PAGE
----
Kirklees women avoiding smear tests that could save lives

Shocking new figures have revealed that a quarter of younger women in Kirklees did not have a cervical smear test in the last year.

By The Newsroom
Thursday, 14th January 2016, 12:29 pm
Updated Thursday, 14th January 2016, 12:34 pm
Dr David Kelly of North Kirklees CCG
Dr David Kelly of North Kirklees CCG

Only 75 per cent of local women in the 25-49 age bracket took up their invitation for the test, which can spot early abnormalities in the cervix.

However, among older women aged 50-64, 81 per cent underwent a test.

Kirklees Council and North Kirklees Clinical Commissioning Group are now urging women to book an appointment for a smear.

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Test results can enable abnormal cells to be treated before they develop into cervical cancer, the most common form of the disease in under-35s. Over 3,000 women are diagnosed each year in the UK.

The overall number of women eligible for testing in Kirklees who took up their invitation also declined slightly between 2014 and 2015.

Smear testing begins at the age of 25 and is free on the NHS. Patients are invited back at intervals of several years, depending on their age, until they reach 65. The procedure is quick and painless.

“We want to increase the understanding about cervical screening and how vital it is for women to have regular smear tests because these tests really can save lives," said Dr David Kelly, chair of North Kirklees CCG.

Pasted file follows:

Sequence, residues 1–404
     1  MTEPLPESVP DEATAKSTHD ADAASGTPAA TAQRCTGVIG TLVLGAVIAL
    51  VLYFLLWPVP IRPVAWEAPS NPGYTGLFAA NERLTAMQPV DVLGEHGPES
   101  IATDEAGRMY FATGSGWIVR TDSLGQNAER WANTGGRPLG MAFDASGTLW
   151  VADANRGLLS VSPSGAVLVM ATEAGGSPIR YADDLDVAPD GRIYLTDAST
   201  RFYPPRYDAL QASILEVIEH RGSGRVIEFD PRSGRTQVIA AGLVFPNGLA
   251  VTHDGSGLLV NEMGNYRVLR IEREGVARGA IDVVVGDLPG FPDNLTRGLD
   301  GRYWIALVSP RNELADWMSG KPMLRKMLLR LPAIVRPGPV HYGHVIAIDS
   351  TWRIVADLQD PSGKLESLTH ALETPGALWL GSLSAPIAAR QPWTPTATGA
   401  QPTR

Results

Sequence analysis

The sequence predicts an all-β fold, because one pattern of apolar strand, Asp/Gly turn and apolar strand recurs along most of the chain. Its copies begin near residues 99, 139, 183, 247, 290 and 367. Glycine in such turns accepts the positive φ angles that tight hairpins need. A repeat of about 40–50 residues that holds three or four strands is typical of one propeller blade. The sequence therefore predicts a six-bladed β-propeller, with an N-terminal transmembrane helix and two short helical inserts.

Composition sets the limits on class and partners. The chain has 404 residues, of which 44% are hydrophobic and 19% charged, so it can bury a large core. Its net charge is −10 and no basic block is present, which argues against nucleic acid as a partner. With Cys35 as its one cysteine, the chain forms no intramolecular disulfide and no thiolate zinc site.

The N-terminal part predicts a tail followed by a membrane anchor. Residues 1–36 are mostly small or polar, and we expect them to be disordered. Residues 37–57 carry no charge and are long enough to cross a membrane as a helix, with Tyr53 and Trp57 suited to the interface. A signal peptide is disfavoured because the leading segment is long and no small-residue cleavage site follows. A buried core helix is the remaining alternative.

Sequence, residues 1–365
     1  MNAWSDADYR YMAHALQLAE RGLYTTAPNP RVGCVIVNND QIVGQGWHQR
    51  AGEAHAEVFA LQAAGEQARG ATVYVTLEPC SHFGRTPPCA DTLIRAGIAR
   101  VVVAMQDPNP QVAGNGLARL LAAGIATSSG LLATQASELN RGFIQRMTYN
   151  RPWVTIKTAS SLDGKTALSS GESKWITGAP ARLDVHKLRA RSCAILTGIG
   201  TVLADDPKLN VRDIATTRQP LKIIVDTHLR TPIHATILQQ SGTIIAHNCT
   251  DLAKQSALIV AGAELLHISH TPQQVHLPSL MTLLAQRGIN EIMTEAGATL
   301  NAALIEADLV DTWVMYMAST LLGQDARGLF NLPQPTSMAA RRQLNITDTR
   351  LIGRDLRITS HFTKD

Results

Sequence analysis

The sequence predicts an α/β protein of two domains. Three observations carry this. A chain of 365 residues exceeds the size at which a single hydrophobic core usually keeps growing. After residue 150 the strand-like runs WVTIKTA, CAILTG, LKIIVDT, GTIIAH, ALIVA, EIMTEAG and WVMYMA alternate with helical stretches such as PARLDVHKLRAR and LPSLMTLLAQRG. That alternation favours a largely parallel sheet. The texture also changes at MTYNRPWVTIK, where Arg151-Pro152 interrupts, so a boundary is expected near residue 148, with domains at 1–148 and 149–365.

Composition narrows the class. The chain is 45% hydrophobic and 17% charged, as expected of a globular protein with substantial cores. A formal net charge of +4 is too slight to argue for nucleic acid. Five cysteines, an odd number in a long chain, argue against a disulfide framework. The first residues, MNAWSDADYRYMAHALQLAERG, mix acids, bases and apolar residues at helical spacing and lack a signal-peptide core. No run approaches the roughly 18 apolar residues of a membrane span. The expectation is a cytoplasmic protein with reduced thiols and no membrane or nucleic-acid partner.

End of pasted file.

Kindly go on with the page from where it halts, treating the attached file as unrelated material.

“Women have no need to be embarrassed by the tests which are quick and painless. A simple smear test enables women to receive treatment before it is too late, preventing unnecessary deaths. So our message is clear: don’t ignore your smear test.”

Up to three quarters of cervical cancer cases could be avoided if abnormalities had been picked up early by a test.

“We understand that going for a cervical smear test can be daunting but a cervical screening test takes five minutes, is painless, and if you attend each time you’re invited it provides a high degree of protection against developing cervical cancer," said Dr Yasmin Khan, associate medical director for NHS England Yorkshire and the Humber.

Any patient who did not respond to a smear invitation can contact their GP to book a test at any time.


- Cervical screening isn't a test for cancer; it's a test to check the health of the cells of the cervix (the entrance to the womb). Most women's test results show that everything is normal, but for around 1 in 20 women the test shows some abnormal changes in the cells of the cervix.

- The symptoms of cervical cancer aren't always obvious, and it may not cause any symptoms at all until it's reached an advanced stage. This is why it's very important that women attend all of their cervical screening appointments.

- In most cases, vaginal bleeding is the first noticeable symptom of cervical cancer. It usually occurs after having sex. Bleeding at any other time, other than your expected monthly period, is also considered unusual. Other symptoms of cervical cancer may include pain and discomfort during sex and an unpleasant smelling vaginal discharge.

To find out more about Cervical Cancer Prevention Week visit the Jo’s Cervical Cancer Trust website For more information about cervical cancer and the NHS Cervical Screening Programme visit